As a youngster in Brooklyn, N.Y., Reed Scherer loved the ocean and the diversity of its creatures. By age 7, he had started collecting fossils, and by fifth grade, classmates had affectionately dubbed him the “mad scientist.” From those childhood interests blossomed a research specialty that is helping scientists better understand one of the most pressing problems of our day: climate change.
Scherer is an internationally respected geologist whose research has taken him around the globe and beneath the Antarctic Ice Sheet. He was a key member of a research team that tackled the ongoing changes in the ice sheets and other studies of climate change, and he has published numerous studies in top-tier journals, such as Nature and Science.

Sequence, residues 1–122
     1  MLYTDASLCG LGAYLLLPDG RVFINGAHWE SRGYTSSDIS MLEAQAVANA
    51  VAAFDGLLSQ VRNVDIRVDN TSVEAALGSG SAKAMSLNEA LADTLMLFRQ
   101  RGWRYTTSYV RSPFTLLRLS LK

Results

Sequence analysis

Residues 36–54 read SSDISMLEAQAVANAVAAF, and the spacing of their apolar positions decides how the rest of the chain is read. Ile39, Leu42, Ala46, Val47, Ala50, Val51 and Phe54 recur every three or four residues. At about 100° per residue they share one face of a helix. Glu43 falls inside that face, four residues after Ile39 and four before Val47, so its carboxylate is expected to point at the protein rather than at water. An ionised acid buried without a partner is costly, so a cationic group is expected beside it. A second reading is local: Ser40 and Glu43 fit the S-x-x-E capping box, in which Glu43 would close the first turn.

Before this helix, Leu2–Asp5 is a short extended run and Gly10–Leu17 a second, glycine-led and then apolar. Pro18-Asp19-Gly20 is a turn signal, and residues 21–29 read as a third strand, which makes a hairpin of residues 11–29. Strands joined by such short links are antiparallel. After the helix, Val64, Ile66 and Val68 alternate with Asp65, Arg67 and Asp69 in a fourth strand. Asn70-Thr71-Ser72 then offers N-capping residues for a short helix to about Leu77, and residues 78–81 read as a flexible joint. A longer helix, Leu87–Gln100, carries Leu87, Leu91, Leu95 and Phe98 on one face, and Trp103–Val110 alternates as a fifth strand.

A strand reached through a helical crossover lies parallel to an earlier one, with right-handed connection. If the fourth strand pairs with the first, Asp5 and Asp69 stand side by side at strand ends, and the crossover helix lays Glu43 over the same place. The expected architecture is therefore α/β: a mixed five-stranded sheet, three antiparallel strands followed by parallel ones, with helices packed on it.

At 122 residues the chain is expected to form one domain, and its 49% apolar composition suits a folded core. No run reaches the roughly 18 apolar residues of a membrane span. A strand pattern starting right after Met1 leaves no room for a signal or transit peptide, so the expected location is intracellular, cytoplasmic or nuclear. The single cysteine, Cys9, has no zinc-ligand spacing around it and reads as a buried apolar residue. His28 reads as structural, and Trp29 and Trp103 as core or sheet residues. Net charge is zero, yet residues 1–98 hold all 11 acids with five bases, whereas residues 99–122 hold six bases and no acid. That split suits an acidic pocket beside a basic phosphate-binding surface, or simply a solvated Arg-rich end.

In addition, he played a leadership role in the $30 million Antarctic Geological Drilling program, among the Antarctic’s largest scientific projects ever. Scherer’s work has drawn media attention from publications such as the New York Times, the Chicago Tribune and Discover magazine.
Antarctic ice sheet
Climate change through time
Pleistocene and Holocene paleo environmental tracers in both marine and non-marine settings
Micropaleontology and biostratigraphy